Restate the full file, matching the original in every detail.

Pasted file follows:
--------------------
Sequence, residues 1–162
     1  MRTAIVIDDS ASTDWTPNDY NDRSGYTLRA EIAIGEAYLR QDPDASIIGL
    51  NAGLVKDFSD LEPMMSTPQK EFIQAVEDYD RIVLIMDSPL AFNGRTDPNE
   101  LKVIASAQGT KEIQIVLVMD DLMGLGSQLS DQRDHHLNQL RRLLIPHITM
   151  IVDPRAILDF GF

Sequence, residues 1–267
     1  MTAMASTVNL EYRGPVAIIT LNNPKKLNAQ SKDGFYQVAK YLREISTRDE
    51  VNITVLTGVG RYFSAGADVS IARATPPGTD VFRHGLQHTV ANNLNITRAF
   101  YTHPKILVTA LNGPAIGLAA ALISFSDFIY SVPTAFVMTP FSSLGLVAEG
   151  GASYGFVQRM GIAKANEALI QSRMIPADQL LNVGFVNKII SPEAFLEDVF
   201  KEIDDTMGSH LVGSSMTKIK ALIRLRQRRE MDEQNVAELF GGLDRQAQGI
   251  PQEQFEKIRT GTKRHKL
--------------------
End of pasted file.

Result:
Sequence, residues 1–162
     1  MRTAIVIDDS ASTDWTPNDY NDRSGYTLRA EIAIGEAYLR QDPDASIIGL
    51  NAGLVKDFSD LEPMMSTPQK EFIQAVEDYD RIVLIMDSPL AFNGRTDPNE
   101  LKVIASAQGT KEIQIVLVMD DLMGLGSQLS DQRDHHLNQL RRLLIPHITM
   151  IVDPRAILDF GF

Sequence, residues 1–267
     1  MTAMASTVNL EYRGPVAIIT LNNPKKLNAQ SKDGFYQVAK YLREISTRDE
    51  VNITVLTGVG RYFSAGADVS IARATPPGTD VFRHGLQHTV ANNLNITRAF
   101  YTHPKILVTA LNGPAIGLAA ALISFSDFIY SVPTAFVMTP FSSLGLVAEG
   151  GASYGFVQRM GIAKANEALI QSRMIPADQL LNVGFVNKII SPEAFLEDVF
   201  KEIDDTMGSH LVGSSMTKIK ALIRLRQRRE MDEQNVAELF GGLDRQAQGI
   251  PQEQFEKIRT GTKRHKL